It is no secret that the Bruins prospect pool is not that deep. As far as NHL-ready prospects, they have Jack Studnicka, Urho Vaakanainen, Jakub Lauko, Jesper Froden and Oskar Steen. In reality, not many of those names are going to move the needle for other teams. Defenseman Jakub Zboril is someone that could have been used as trade bait by next week, but a season-ending injury in December against the Nashville Predators dashed those hopes.
On his current roster, Jake DeBrusk is a name that could be moved. He requested a trade back in November, but Sweeney has said from the beginning that he is not going to rush into a deal just to make one. His hands have also been tied with Brad Marchand being suspended twice for a total of nine games. Matt Grzelcyk is someone that could be expendable if Sweeney can land a top-pairing left-shot defenseman. Grzelcyk is a veteran that could draw the interest of other teams as he has a cap-friendly contract that has two more years remaining with a cap hit of $3.687 million.
It is likely that depending on the deal, Sweeney’s first-round draft pick in 2022 or 2023 could be in play as well to land a big trade target. Frank Seravalli reported Monday that teams are more interested in a 2023 first-round pick as compared to this upcoming draft. Two years ago, Sweeney sent the Black and Gold’s 2020 first-round pick to the Ducks along with David Backes and Axel Anderrson in exchange for Ondrej Kase, which turned into a tough deal for the Bruins to swallow. Kase never got his feet on the ground in Boston as the 2019-20 season was paused two weeks following the deal because of the coronavirus pandemic. Then last season, the 26-year-old struggled with injuries and ended up not being given a qualifying offer by the Bruins last summer and left in free agency.
In 2018, the Bruins’ first-round pick that summer, a seventh-round pick in 2019, and three players (Ryan Spooner, Matt Beleskey, and Ryan Lindgren) were sent to the New York Rangers for Rick Nash. In 11 regular-season games following the trade, Nash had three goals and three assists for Boston. In 12 postseason games, he had three goals and five poimts. Unfortunately, Nash had to retire from unresolved symptoms from a concussion at the age of 34 in January of 2019.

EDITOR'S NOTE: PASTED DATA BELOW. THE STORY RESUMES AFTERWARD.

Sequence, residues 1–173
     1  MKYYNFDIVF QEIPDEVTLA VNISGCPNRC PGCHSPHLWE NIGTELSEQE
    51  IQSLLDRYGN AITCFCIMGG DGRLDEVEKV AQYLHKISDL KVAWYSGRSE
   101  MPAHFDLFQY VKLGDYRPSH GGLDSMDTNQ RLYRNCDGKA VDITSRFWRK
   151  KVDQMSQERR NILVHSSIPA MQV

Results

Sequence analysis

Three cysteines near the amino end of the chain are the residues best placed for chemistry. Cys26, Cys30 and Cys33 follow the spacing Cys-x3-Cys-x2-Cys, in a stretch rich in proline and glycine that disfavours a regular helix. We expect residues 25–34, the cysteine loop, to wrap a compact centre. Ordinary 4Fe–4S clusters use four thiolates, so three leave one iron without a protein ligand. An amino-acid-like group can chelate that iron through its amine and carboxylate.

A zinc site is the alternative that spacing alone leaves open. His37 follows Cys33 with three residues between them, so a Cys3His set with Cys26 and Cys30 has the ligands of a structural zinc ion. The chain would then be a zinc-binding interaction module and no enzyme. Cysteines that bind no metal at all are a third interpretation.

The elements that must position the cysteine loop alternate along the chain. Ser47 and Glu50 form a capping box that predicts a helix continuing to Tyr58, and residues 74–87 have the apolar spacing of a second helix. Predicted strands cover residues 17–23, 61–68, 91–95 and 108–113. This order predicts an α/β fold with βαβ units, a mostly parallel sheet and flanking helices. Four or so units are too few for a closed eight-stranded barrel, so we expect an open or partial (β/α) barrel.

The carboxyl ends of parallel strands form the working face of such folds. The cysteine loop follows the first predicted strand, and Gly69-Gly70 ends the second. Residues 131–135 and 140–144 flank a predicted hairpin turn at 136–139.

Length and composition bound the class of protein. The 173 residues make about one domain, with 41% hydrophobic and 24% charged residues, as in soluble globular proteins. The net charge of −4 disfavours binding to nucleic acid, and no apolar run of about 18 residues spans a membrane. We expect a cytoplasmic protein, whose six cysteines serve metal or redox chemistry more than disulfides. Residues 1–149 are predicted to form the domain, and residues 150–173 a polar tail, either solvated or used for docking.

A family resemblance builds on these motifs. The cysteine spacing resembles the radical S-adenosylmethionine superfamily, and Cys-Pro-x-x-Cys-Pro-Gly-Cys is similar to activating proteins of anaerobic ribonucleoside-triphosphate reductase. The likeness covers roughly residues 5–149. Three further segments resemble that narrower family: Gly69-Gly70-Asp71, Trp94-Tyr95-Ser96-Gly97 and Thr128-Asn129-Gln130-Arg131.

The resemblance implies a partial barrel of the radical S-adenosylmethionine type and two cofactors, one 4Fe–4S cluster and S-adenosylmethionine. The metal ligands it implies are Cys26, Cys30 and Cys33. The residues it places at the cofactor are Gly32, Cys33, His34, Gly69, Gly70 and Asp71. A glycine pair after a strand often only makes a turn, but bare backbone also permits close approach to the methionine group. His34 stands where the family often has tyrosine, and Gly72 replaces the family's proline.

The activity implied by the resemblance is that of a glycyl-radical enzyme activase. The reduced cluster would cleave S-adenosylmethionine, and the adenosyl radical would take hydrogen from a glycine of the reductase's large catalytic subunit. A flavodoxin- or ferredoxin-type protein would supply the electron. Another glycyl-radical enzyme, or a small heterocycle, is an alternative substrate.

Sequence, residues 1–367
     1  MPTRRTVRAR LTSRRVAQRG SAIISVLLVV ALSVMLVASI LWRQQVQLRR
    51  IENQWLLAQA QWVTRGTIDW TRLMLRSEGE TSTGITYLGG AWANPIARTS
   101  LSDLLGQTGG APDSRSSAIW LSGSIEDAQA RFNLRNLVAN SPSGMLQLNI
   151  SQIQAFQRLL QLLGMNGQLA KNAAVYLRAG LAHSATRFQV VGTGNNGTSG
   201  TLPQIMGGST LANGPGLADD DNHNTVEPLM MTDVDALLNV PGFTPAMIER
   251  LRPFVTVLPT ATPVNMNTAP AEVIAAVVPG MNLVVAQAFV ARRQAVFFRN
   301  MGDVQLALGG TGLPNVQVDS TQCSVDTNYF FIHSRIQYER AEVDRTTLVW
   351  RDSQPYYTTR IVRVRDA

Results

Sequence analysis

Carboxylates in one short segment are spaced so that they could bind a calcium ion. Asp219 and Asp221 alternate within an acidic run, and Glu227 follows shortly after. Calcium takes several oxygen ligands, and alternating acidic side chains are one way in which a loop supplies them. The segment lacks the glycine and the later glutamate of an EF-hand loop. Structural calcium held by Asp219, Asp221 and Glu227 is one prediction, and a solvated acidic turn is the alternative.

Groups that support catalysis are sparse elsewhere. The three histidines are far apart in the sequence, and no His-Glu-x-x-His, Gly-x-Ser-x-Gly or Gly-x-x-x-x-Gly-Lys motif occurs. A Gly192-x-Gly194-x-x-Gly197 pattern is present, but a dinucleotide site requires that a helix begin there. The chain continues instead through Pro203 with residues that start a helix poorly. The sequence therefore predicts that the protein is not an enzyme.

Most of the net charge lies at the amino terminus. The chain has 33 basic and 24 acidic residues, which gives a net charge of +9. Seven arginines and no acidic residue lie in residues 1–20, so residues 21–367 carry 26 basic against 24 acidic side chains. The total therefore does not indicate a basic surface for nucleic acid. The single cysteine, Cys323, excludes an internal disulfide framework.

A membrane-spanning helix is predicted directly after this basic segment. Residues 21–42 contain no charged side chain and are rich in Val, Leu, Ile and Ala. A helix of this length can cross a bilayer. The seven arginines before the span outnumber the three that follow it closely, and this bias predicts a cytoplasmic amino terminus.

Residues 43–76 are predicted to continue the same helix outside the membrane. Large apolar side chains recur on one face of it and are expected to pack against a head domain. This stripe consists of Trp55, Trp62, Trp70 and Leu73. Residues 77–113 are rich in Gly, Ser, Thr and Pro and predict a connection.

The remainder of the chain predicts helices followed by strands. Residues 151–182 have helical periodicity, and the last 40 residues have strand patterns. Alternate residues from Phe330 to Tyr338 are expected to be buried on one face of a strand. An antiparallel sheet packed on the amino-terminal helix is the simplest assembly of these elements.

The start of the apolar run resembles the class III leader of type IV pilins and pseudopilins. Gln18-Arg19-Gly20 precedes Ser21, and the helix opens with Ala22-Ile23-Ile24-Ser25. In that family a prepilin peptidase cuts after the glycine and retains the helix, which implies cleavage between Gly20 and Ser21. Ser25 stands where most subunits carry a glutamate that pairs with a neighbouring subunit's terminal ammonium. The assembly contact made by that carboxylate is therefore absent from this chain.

Sweeney Needs to Win the 2022 Trade Deadline
Following the Bruins elimination from the second round of the 2021 playoffs at the hands of the New York Islanders, Sweeney and Bruins President Cam Neely said that with the remaining veteran core that it was worth investing in to try and take one more shot to win one more championship. Prior to the COVID-19 shut down in late December, it did not appear to be a team that was worth investing in to make a playoff run. Since Jan. 1, that has changed.
As they begin the four-game road trip Tuesday night against the Blackhawks, Boston is just two points behind the Toronto Maple Leafs for third place in the Atlantic Division and just five points behind the two-time defending Stanley Cup champion Tampa Bay Lightning for second place. With the way the Bruins have been playing in the last two months, making a move to address one or even two of the needs mentioned above is worth doing. If anything, when the trade deadline passes at 3 o’clock in six days, Sweeney needs to win the deadline and what I mean by that is his roster needs to be better than it is at this moment.
Related: 5 Bruins Trade Deadline Targets That Address Current & Future Needs
Making a blockbuster deal is something that Sweeney has not done much of, if any, since being named GM. The mark has been set by his team that they have a player in DeBrusk that wants out and despite limited prospects, making a move is something that must be done at this point to put his team in a position to battle the rest of the Eastern Conference teams come May.